Kanangra Walls Lookout: Bruce Hood, Trevor Jones, Tracy Bryant, Jude Cahill, Tim Threlfall and Lorraine Thomas (seated). Photo by Nino Fioretti

Kanangra Walls Lookout: Bruce Hood, Trevor Jones, Tracy Bryant, Jude Cahill, Tim Threlfall and Lorraine Thomas (seated). Photo by Nino Fioretti

Our first acclimatization walk started with Kanangra Walls to Katoomba in the Kanangra Boyd and Blue Mountains National Parks. Being in a remote wilderness area we were required to lodge a “Bushwalking & Activity Trip Intention Form” with the Katoomba Police. The weather was sunny at 30-32 degrees and water collection at Dex Creek and Mobbs Swamp were from very small decaying waterholes.

Overall this was a great walk over 4 days and was not without some difficult sections. The trail was easy to follow although not marked and only required attention to navigation in some parts to ensure we were going the right way. We did manage several side trips with a spectacular finish up Tarros Ladders involving pack hauling before a lengthy hike along Narrow Neck towards Katoomba. Surprisingly, we didn’t see another person until we arrived at the top of Tarros Ladders and that was because we had “invited” the Police Rescue Unit or rather they insisted on coming out.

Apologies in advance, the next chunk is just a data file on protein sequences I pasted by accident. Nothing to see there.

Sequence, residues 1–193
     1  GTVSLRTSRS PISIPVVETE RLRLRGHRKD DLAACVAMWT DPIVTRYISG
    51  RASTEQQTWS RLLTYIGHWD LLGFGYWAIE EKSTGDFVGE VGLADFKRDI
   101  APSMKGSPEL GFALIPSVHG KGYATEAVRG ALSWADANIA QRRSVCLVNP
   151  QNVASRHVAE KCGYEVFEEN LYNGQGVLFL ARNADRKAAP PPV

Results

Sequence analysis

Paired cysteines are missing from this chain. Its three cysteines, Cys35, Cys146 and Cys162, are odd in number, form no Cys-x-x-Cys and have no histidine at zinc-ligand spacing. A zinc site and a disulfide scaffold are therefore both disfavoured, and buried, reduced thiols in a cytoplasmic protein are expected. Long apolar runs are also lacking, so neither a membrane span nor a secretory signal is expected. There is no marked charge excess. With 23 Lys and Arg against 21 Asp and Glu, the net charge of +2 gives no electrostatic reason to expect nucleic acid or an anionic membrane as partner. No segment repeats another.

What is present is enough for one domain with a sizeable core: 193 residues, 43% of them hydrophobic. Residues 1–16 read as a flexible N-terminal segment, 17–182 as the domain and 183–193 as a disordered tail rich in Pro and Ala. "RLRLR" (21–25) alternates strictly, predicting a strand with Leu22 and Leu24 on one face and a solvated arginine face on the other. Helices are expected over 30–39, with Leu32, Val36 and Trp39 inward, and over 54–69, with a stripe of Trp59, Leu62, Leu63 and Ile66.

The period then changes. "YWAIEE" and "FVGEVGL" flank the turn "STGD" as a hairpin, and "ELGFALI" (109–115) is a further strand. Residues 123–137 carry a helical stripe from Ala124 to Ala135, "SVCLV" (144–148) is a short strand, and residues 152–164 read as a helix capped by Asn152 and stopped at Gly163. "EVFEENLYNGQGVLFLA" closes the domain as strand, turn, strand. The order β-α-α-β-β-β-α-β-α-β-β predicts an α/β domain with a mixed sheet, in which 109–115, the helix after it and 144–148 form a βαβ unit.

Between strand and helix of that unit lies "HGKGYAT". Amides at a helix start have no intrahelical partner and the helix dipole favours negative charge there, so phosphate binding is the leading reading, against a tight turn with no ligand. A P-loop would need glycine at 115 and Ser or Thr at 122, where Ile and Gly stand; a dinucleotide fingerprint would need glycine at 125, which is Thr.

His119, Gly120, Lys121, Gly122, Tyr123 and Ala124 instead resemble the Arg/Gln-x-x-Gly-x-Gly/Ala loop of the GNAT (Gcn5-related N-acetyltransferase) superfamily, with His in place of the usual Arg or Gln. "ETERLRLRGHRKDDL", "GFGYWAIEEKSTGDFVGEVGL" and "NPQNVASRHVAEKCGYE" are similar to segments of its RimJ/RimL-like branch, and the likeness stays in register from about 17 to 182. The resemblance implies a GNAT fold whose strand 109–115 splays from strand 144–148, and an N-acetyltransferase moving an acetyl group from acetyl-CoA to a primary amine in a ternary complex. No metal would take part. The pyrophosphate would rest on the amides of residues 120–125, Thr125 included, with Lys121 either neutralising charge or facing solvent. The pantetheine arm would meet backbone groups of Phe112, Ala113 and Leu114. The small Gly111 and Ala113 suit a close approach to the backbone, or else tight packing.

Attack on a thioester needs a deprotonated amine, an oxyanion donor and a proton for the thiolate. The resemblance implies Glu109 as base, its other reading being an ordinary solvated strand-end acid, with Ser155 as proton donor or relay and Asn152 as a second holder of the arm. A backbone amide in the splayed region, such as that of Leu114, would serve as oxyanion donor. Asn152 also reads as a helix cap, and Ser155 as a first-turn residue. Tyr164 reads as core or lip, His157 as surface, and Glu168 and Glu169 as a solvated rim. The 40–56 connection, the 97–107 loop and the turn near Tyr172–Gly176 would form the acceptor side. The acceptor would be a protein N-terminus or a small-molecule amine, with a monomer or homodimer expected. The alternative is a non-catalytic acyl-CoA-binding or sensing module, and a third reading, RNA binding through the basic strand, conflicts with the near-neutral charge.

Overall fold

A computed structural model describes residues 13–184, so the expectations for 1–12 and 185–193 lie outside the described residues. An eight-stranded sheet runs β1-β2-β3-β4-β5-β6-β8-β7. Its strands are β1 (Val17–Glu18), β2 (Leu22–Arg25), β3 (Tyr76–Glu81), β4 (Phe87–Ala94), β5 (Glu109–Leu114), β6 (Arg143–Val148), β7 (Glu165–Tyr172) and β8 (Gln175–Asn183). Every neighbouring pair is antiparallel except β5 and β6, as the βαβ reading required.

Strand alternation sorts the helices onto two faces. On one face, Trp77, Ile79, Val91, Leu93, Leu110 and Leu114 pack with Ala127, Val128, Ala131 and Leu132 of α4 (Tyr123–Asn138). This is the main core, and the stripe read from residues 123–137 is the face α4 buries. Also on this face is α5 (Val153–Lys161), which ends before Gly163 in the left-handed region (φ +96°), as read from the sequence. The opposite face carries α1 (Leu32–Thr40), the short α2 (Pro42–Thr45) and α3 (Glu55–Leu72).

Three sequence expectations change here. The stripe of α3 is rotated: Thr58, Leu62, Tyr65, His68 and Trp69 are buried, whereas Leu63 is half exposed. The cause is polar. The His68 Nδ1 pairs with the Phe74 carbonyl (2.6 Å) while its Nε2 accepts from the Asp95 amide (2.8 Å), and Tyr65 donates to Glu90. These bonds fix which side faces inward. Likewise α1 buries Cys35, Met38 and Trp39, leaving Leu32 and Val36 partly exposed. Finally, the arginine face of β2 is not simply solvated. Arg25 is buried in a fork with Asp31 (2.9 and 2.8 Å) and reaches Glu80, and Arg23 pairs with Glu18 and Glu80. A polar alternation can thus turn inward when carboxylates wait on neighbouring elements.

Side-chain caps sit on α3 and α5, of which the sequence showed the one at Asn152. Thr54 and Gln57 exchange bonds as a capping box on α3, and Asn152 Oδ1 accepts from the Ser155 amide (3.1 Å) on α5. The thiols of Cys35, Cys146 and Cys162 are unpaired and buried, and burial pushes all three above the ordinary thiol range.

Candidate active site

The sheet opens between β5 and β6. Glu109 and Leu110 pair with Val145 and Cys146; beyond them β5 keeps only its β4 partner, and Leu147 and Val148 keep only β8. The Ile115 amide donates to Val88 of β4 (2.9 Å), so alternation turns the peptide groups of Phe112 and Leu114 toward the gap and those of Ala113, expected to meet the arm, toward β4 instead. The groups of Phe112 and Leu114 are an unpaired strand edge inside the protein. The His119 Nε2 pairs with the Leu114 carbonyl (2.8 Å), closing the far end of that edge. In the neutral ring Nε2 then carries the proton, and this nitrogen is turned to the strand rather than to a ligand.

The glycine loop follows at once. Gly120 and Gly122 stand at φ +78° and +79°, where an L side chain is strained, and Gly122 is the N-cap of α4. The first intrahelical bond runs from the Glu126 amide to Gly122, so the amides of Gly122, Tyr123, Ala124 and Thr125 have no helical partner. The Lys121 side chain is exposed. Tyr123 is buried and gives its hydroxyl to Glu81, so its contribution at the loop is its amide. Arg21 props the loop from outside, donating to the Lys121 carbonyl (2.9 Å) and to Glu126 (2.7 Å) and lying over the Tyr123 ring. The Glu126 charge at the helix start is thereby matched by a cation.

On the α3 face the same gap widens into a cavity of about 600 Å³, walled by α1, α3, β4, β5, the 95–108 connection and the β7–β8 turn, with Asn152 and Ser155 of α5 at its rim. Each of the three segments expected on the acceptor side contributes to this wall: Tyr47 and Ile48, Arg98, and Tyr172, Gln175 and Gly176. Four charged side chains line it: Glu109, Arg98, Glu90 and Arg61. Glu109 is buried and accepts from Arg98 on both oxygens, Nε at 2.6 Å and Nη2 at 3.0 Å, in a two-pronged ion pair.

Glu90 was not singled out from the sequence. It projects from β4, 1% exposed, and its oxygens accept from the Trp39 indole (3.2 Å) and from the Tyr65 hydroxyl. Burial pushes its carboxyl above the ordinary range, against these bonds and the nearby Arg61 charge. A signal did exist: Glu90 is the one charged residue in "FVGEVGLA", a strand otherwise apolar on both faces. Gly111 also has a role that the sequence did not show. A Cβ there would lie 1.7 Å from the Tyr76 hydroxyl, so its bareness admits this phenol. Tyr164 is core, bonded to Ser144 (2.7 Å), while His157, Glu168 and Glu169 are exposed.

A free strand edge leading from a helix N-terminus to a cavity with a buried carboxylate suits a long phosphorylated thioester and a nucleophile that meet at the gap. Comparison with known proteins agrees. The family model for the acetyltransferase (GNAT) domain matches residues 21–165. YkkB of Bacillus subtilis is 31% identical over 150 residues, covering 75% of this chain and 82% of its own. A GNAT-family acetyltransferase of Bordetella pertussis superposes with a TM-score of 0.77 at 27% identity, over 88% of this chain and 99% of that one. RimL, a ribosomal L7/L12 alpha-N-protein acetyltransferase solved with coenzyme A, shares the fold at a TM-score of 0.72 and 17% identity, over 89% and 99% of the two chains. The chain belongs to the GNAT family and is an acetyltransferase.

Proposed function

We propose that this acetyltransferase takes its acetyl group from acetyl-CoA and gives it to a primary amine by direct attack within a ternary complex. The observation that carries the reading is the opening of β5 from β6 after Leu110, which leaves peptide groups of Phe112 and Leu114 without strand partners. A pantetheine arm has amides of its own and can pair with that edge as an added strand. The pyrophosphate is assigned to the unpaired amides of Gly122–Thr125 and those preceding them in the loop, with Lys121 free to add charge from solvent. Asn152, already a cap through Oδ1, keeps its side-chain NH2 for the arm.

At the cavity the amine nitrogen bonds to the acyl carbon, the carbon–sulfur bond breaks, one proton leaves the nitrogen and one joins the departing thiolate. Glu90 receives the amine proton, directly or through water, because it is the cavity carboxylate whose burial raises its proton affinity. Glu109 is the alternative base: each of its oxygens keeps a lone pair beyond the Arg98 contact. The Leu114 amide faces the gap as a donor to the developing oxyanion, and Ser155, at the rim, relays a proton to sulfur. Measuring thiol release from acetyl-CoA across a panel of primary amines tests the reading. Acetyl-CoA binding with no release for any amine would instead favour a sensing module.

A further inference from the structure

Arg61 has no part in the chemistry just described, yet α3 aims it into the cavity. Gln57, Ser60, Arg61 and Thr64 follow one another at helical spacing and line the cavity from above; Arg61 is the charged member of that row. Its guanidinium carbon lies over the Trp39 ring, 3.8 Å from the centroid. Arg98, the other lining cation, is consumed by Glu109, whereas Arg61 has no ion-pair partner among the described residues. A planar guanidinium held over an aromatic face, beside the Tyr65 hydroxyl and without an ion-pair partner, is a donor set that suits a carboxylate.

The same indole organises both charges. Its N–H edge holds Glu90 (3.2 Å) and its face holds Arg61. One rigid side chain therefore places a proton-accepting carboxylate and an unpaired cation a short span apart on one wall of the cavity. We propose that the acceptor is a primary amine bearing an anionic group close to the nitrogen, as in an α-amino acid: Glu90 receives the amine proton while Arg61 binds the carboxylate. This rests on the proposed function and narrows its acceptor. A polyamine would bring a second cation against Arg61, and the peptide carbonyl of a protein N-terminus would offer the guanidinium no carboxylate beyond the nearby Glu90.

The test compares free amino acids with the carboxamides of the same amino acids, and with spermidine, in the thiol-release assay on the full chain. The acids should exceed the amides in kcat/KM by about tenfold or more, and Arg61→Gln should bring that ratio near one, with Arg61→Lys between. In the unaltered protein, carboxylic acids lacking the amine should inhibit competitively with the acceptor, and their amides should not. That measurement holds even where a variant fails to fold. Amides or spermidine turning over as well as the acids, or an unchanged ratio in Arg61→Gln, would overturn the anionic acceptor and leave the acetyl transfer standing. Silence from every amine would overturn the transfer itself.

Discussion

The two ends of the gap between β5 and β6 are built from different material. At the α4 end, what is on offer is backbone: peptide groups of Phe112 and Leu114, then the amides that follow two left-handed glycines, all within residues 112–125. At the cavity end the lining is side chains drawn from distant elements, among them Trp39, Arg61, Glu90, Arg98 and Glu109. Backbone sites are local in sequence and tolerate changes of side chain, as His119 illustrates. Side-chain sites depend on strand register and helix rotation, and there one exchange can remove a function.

To explain, Tim had severely sprained his ankle and bravely struggled with it for three days. It was very hot around 35 degrees and there was another 11kms of fire track to go. A big ask for someone in Tim’s condition so I called the Katoomba Police to see what we could do to get Tim to the pickup point. Needless to say they loved the challenge, they even wanted us to leave him at the bottom of Tarros Ladders but to save face Tim insisted he was good for the climb!

Looking down Little Capertee Creek Valley from Mystery Mountain Lookout, Newnes. Photo:Trevor Jones

Looking down Little Capertee Creek Valley from Mystery Mountain Lookout, Newnes. Photo:Trevor Jones